After a long and difficult road for Martin Scorsese’s crime epic memoir, all the ingredients are present for a masterful piece of cinema. The talent includes eight Oscar winners: Director Scorsese, screenwriter Steven Zaillian, editor Thelma Schoonmaker, costume designer Sandy Powell, as well as four Oscar-winning performers — Robert De Niro, Al Pacino, Joe Pesci and Anna Paquin. The dramatic subject matter is also present: Mob enforcer Frank Sheeran (De Niro, “Joker”) and his decades’ long relationships with Russell Bufalino (Pesci, “The Good Shepherd”), Angelo Bruno (Harvey Keitel, “Youth”) and Jimmy Hoffa (Pacino, “Hangman”), president of the International Brotherhood of Teamsters, who famously disappeared. All the elements are assembled for a magnificent movie. However, and it gives me no pleasure to write this, The Irishman is less than the sum of its parts.
Stylistically, The Irishman is more subdued than such Scorsese works such as “Taxi Driver,” “Goodfellas” and “The Departed.” This is appropriate for the subject matter, which concerns Frank reminiscing about his many colorful years of “painting houses” (read: Killing people and running other errands for the mob). Unfortunately, the film becomes languorous and even tedious at some points. This is despite the wheeler-dealing of the mob and the union, as well as the unsanitized and brutal bursts of violence.
There is never any doubt that these men’s lives are inextricably linked as are the operations of government, organized crime and the Teamsters. The documentation of Frank’s long life and his multiple dubious activities should make for compelling viewing. But greatest strength of The Irishman is also its most crippling weakness. The characters are well drawn and the performances are impeccable, but what are they here for?
Frank is a man characterized by ambition, devotion and regret, and De Niro delivers a fine-tuned and nuanced performance across multiple ages, his minimalist delivery not obscured by digital de-ageing technology. Hoffa is a compelling blend of ruthlessness and principle, Pacino recalling the world-weariness of Michael Corleone in “The Godfather Part III” as well as “Insomnia” and “Danny Collins.” Pesci, returning to the screen after a long hiatus (his last live-action feature was 2010’s “Love Ranch”), brings a quiet gravity and unmistakable authority to Russell, ensuring that you never doubt this man’s word, whether it be to help you or kill you. Paquin (“Margaret”) delivers a remarkable performance that is almost entirely silent, speaking only two sentences yet communicating so much through gesture, expression and her seemingly bottomless eyes. Other performances are also strong, but they move in no particular direction and, while the characters are detailed, there is little sense of narrative thrust and not so much arcs as meanders.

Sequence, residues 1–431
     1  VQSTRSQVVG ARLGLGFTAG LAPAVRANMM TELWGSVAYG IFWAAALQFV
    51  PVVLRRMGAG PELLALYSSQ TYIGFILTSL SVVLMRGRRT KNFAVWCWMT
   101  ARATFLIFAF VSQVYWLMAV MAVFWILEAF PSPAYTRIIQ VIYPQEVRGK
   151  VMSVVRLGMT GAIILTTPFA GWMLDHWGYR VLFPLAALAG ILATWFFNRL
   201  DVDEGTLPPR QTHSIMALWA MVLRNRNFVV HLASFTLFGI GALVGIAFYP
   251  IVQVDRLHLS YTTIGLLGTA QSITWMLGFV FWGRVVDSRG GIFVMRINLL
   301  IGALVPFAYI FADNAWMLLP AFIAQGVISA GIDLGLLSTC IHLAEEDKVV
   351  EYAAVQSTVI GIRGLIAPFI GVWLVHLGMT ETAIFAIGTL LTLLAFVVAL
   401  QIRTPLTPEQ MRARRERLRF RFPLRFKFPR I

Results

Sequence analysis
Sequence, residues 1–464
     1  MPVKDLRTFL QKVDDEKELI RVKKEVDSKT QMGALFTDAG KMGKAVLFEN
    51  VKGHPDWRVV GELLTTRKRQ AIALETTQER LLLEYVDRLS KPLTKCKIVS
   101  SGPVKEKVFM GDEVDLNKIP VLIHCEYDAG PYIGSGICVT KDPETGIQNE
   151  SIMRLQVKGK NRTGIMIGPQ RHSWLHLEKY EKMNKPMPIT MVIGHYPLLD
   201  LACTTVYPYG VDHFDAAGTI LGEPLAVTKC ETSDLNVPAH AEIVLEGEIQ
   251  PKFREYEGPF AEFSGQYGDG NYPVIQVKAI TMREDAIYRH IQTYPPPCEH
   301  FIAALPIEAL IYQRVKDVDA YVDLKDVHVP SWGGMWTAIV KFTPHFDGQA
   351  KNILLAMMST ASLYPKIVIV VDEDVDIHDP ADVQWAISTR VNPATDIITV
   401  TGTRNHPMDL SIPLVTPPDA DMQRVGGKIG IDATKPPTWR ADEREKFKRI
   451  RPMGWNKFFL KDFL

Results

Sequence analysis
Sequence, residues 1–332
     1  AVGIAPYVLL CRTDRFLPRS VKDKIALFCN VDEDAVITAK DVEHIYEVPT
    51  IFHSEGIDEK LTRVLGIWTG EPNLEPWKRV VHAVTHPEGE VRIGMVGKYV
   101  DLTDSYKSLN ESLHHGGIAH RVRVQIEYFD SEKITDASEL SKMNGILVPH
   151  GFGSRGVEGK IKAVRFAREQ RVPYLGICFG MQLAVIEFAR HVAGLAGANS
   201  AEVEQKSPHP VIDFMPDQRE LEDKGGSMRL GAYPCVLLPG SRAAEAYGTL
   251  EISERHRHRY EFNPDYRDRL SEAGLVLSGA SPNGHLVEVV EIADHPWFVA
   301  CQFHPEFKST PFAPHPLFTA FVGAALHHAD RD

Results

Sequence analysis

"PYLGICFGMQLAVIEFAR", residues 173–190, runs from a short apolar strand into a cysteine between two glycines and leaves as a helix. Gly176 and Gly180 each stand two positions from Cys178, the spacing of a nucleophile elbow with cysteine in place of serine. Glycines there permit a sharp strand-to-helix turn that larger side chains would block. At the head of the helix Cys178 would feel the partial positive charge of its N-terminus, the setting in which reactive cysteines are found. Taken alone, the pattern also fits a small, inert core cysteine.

These writing issues undermine the performances, and Scorsese also robs his film of tension by indulging his performers and story. Multiple conversations go on longer than they need to, and are virtually repeated as Frank goes between Russell and Hoffa, and back again, then back again in a virtual montage. While the end result is not telegraphed, nor is it a surprise. As a result, it can leave the viewer feeling a sense of “Yes, and?” Set up follows set up, freeze frames and captions mention that this character met with such and such a sticky end, the editing pattern changes from shot/reverse-shot to pans back and forth, but what does it all add up to? Ultimately, not as much as it tries to.
Where The Irishman goes wrong appears to be an instance of too much directorial power and no one telling Scorsese to trim it down or reign it in. It may seem churlish to complain about a filmmaker (especially Scorsese) being allowed to do what he wants, the freedom seemingly provided by Netflix who famously were the only studio willing to fund the picture. Then again, if criticisms of indulgence can be made of Quentin Tarantino and James Cameron, why not Martin Scorsese? The Irishman is clearly Scorsese’s film, encapsulating many of the themes and ideas that have characterized his career. Furthermore, there is a certain amount of pleasure to be had in seeing actors of this caliber given room to breathe and explore their characters. But the longueurs of the script and, yes, indulgence of the director, override this pleasure, resulting in a film that is overlong, ponderous and, regrettably, often boring.